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Review: The Central Park Five

Ken Korman on Ken Burns' new documentary about the Central Park jogger case



Tales of social injustice always seem a perfect fit for a long-form documentary film, where complex stories given cursory or sensationalized coverage in the news media can finally receive their due. The Central Park Five takes its correction a step further by illuminating a tragic series of events that were set in motion — at least in part — by the lazy or indifferent reporting of professional journalists working in the news capital of the world.

  On the night of April 19, 1989, a woman who would be known for years only as the "Central Park Jogger" was raped, beaten and left for dead. At approximately the same time, a group of about 30 teenage boys entered the park, and at least a few of them behaved violently, assaulting several people in random encounters. Their crimes were bad enough to attract the New York Police Department, which rounded up some of the boys and brought them in for questioning. When news of the crime against the jogger, who was white, arrived at the precinct, detectives decided the boys, who were black and Latino, and mostly 14 or 15 years old, were responsible despite a near-total lack of evidence. Although later proved innocent, the "Central Park Five" spent each between six and 13 years in prison thanks to a racially charged and media-fueled wave of anti-crime hysteria that swept New York City at the time.

  As written and directed by documentarian Ken Burns, his daughter Sarah Burns and her husband David McMahon, The Central Park Five doesn't dwell on the culpability of the New York news media that transmitted the deceptions of police and prosecutors desperate to solve the heinous crime quickly. It's more interested in the social factors that lead an entire city to embrace a dubious set of lies. It's no coincidence that the film's first original interview is with reporter Jim Dwyer, then of Newsday and now of The New York Times. "I ... wish I had been more skeptical as a journalist," Dwyer says. The interview has the tone of a personal apology.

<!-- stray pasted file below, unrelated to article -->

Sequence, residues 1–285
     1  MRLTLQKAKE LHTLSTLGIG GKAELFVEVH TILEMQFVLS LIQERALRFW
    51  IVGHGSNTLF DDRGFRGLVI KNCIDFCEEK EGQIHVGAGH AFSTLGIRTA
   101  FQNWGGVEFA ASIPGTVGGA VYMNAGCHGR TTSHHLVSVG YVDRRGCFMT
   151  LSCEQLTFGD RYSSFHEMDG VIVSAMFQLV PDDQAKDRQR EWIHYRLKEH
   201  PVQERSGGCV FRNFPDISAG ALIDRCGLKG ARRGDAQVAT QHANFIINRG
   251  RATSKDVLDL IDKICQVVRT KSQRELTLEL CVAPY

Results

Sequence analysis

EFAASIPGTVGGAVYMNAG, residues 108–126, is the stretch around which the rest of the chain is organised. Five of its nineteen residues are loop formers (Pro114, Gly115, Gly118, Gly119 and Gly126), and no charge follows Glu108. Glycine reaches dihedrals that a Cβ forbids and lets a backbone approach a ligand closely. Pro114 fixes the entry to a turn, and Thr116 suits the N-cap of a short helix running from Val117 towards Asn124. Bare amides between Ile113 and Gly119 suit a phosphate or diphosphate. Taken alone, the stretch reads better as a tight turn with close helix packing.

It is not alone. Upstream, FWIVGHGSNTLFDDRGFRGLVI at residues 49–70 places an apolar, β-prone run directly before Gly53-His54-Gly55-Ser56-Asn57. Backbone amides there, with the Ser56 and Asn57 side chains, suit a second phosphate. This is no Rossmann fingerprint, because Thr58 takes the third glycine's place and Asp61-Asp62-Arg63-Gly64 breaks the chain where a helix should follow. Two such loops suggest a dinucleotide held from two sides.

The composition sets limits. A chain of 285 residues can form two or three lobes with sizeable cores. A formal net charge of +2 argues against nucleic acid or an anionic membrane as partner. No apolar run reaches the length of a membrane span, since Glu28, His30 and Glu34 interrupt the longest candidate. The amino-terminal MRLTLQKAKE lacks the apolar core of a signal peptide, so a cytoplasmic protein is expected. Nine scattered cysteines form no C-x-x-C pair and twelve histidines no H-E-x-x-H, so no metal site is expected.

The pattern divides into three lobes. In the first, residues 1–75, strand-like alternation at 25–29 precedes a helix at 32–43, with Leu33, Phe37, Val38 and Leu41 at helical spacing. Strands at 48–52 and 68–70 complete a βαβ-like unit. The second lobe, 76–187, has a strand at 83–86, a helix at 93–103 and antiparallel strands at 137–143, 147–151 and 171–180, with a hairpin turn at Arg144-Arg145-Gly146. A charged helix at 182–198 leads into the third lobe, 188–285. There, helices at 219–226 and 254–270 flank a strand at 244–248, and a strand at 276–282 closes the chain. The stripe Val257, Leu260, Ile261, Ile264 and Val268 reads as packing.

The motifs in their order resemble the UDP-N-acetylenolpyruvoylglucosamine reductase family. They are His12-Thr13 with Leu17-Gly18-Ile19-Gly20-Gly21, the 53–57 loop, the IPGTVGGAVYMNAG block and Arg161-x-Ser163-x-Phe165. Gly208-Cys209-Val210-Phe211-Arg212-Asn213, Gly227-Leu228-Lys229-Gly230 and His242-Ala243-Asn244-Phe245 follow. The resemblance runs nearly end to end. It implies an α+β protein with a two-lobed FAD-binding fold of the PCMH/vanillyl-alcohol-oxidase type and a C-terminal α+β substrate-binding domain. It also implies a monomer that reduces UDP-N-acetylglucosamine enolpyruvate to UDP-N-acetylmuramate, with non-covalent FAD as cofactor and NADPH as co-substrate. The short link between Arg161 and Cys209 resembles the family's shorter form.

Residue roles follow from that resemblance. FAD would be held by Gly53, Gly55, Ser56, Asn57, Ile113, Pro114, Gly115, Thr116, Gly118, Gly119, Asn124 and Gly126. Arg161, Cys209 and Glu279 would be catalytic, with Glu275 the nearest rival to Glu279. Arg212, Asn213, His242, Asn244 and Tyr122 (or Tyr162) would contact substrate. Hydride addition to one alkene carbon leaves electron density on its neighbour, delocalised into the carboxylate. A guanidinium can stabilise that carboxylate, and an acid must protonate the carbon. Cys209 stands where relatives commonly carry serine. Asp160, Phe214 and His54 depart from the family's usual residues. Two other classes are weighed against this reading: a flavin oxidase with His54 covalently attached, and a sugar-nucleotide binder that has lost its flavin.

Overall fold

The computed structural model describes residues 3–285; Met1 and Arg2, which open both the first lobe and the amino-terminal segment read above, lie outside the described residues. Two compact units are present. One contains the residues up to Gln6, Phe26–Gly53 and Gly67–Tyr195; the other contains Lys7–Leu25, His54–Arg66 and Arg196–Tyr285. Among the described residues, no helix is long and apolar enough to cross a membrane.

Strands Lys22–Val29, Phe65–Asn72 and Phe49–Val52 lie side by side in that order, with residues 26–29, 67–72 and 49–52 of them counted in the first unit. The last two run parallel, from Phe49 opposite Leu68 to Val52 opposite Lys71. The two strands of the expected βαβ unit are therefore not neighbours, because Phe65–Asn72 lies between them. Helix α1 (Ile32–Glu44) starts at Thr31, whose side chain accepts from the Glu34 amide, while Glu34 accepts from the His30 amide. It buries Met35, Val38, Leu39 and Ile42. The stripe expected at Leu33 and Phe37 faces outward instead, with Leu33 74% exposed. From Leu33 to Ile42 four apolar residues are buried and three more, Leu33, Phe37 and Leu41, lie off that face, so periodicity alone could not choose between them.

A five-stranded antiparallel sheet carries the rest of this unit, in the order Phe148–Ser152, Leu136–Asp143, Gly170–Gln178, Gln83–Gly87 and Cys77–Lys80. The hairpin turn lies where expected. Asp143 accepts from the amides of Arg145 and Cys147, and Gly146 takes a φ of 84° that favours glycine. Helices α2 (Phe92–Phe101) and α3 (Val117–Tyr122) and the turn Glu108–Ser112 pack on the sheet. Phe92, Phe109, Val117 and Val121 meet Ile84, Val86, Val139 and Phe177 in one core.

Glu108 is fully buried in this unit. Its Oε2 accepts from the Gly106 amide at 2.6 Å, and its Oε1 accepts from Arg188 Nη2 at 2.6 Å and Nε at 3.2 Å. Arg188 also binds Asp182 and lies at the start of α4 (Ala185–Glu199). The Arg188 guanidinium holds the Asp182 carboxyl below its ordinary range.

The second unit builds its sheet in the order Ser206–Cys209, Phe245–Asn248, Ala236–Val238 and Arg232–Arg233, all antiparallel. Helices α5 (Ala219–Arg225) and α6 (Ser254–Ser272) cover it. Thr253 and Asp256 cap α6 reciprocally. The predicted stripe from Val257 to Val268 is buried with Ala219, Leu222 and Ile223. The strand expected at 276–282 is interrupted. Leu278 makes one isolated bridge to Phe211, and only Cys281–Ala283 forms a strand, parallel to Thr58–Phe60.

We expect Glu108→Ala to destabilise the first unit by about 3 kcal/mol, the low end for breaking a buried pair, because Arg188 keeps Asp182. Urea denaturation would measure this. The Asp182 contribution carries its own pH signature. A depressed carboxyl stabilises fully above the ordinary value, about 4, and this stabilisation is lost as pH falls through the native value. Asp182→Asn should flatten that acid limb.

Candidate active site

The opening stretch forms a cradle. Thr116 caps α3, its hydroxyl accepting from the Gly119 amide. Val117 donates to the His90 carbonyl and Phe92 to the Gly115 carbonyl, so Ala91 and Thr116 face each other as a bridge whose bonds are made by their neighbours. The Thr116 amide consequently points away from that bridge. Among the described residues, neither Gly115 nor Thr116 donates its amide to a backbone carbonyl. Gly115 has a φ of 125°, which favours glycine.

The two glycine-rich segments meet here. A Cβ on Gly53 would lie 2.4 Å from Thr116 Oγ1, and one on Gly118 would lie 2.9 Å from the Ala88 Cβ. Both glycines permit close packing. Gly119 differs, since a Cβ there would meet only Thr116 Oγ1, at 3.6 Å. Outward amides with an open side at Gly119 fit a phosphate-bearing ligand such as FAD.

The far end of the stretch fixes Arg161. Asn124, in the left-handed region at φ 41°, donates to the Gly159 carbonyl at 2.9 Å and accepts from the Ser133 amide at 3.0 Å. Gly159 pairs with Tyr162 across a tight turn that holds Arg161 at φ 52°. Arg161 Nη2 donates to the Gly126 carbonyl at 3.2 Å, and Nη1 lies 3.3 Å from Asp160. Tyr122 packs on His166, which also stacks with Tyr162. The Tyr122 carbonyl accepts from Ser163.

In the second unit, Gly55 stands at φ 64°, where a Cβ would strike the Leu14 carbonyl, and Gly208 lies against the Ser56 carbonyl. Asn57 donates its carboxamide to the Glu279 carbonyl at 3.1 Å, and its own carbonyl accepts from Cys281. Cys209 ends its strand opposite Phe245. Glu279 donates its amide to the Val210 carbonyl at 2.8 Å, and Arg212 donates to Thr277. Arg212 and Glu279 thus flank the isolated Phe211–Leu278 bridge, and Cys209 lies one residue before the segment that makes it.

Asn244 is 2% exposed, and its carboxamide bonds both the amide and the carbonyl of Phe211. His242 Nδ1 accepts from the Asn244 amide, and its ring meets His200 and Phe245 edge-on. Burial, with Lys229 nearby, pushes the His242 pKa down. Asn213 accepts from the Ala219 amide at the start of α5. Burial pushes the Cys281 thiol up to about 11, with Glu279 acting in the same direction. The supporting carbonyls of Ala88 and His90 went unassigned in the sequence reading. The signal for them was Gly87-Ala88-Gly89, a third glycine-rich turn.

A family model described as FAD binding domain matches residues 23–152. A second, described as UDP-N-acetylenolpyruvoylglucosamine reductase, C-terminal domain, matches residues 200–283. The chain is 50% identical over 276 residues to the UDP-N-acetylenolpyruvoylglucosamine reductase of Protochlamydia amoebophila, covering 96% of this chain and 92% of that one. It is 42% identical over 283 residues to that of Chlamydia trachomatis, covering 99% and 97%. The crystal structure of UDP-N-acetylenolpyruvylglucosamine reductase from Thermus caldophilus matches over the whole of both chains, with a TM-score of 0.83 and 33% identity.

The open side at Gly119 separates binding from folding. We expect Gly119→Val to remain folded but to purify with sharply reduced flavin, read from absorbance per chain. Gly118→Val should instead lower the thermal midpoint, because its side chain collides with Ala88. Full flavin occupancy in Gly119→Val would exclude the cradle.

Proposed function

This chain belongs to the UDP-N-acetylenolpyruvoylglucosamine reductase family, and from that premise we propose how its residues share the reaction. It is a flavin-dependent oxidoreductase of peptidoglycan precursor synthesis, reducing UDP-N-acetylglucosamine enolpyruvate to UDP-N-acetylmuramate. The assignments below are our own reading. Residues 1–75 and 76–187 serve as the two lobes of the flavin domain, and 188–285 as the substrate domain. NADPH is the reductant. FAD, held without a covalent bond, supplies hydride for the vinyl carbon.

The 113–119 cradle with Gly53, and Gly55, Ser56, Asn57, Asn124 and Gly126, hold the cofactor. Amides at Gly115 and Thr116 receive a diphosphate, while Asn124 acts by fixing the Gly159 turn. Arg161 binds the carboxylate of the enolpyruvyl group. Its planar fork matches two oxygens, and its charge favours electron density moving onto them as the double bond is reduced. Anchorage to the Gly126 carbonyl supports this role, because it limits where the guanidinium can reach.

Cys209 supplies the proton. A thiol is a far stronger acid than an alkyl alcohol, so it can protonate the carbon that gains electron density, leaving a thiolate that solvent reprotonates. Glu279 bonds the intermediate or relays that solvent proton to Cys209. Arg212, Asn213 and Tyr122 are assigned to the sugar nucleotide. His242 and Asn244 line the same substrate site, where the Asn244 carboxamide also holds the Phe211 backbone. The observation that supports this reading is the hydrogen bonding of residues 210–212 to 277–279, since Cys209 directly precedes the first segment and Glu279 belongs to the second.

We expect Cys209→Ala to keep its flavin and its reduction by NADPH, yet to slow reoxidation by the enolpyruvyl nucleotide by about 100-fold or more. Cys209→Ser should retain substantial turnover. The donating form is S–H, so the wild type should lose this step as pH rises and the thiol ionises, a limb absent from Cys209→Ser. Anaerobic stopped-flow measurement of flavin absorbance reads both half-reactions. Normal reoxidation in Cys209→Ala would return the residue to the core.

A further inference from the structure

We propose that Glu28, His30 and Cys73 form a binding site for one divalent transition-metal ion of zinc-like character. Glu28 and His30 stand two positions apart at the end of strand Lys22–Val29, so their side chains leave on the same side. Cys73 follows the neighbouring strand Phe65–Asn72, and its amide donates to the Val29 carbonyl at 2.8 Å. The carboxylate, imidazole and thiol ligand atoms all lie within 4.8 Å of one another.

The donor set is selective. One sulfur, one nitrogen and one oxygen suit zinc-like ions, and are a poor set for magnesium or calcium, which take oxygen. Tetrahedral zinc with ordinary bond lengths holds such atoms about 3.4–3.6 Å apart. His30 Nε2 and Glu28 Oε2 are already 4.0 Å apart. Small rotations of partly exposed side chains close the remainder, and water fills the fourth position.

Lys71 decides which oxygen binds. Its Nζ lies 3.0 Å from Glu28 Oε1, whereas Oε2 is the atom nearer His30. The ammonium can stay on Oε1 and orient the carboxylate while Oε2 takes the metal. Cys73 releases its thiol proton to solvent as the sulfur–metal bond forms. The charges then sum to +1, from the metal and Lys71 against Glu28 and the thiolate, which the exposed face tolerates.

The film's style of storytelling has nothing to do with the familiar sepia-toned photographs and narration of Ken Burns' popular PBS documentary series such as The Civil War and Baseball. But the filmmaker's ability to conjure distant time and place remains. In this case, New York City in the late 1980s is near financial collapse, riddled with racially motivated crime and reeling from the crack epidemic — a perfect storm of antipathy and inequality that set the stage for sending innocent kids to prison. Vintage filmed material sets the tone before giving way to new interviews with the five now-adults. Their complete lack of anger or bitterness is almost as shocking as the original crime or the false convictions.

  The eventual resolution of the case brought real shame on one of America's most progressive cities, though relatively few were paying attention when the convictions were finally vacated in 2002. New York has changed immeasurably since 1989, and even more since 2002, and now boasts considerably safer streets and a carefully crafted, tourist-friendly vibe. Which only makes the lesson at the center of The Central Park Five that much harder to take — for New Yorkers and the rest of the country. To paraphrase an old song, if you can get railroaded here, you can get railroaded anywhere. — KEN KORMAN

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